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Two Savoy Candidates Await Final Count In A Close Election

A flag representing the village of Savoy flies under the U.S. flag outside the Savoy Fire Department building.

SAVOY – In the Champaign County town of Savoy, the election for a village board seat is still too close to call.

Incumbent trustees Jan Carter Niccum and A. J. Ruggieri were tied for the third of three available at-large seats with 380 votes apiece, according to the unofficial count on the night of the April 6 election. When the count was updated on Friday, April 9, Carter Niccum was ahead of Ruggieri by just two votes, 412-410. Newcomer Larry Kanfer and incumbent trustee Heather J. Mangian were leading for the first and second village board seats with 657 and 534 votes respectively.

The shifting prospects for Carter Niccum and Ruggieri could shift again, if more mail-in ballots arrive before the election results are certified. If the results remain close, Carter Niccum says he expects a recount to be sought.

“Possibly,” said Carter Niccum of the likelihood of a recount request, from him or Ruggieri. “We’ll have to see what the numbers look like at the end. That will be on the 20th of April. That’s when they’re supposed to certify the vote. So we’ll see where it’s at then.”

Carter Niccum says he was once tied with another candidate when he ran for re-election in 2013. But that election was uncontested, with three seats and just three candidates. This time, Carter Niccum says he will just have to wait and see if he is elected for a fifth term. It’s a new experience for him, with an increase in mail-in ballots leading to more of them arriving at the Champaign County Clerk’s office during the two-week window between Election Day and the day that the election is certified. These ballots are still valid, as long as they were postmarked by Election Day. But Carter Niccum says he wishes they would arrive sooner.

“It’s not that far from Savoy to the Brookens Center,” said Carter Niccum, referring to the building housing the county clerk’s office. “You would think that the mail would get there fairly quickly.”

Ruggieri says he will wait and see what the final election results are as well. Ruggieri, who is seeking a second term as a Savoy village trustee, says he observed some of last week’s ballot counting as a poll watcher. He says the operations by the Champaign County Clerk’s office appeared straightforward, with nothing out of the ordinary. But with the vote so close, Ruggieri says he wants to know what will ultimately happen to some ballots that were pulled aside because their signatures didn’t seem to match those on record.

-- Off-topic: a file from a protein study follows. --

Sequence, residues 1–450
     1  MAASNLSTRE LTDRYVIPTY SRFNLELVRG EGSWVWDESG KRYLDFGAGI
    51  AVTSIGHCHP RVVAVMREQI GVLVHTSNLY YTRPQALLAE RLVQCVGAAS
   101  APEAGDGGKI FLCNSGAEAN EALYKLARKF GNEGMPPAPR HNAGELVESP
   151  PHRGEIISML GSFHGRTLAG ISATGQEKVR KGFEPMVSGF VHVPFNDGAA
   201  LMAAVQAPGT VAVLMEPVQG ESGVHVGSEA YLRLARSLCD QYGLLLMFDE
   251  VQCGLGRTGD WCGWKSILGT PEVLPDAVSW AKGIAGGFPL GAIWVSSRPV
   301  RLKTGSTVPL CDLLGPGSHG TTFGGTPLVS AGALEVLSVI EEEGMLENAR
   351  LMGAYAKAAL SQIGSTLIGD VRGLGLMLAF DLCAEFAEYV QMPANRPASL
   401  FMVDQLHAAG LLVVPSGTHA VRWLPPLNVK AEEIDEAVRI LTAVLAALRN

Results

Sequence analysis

“In this case, there were actually seven ballots that were mailed in from Savoy that were rejected,” said Ruggieri. “So I am kind of interested to see what the process with those would be. Because in a race this close, that could certainly make a difference.”

Ruggieri says he would likely seek a recount only if the final margin was five votes or less.

“It’s been kind of nerve wracking, but like I said, from what I saw, I trust the process,” said Ruggieri.

If he’s re-elected, Ruggieri says he looks forward to completion of a fire safety study for the village, which he hopes will provide direction on future expansion of the Savoy Fire Department. Carter Niccum says if re-elected, he hopes the village board will use its new home rule power, which was approved by voters in a referendum (if the current 48-vote margin holds), to approve a village motor fuel tax to help pay for infrastructure projects. Ruggieri says he also supports a motor fuel tax, but reluctantly, citing a preference for limited government.

Ruggieri and Carter Niccum are not the only candidates on the Champaign County ballot locked in a close contest with fluctuating results. In the Urbana School Board’s contest for the seat representing Sub-District 3, Connie Dillard-Myers led Lara E. Orr by seven votes, 144-137 on election night. But in the updated county last Friday, Orr led Dillard-Myers by two votes, 165-163.

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Jim Meadows

Jim Meadows

Jim Meadows has been covering local news for WILL Radio since 2000, with occasional periods as local host for Morning Edition and All Things Considered and a stint hosting WILL's old Focus talk show. He was previously a reporter at public radio station WCBU in Peoria.

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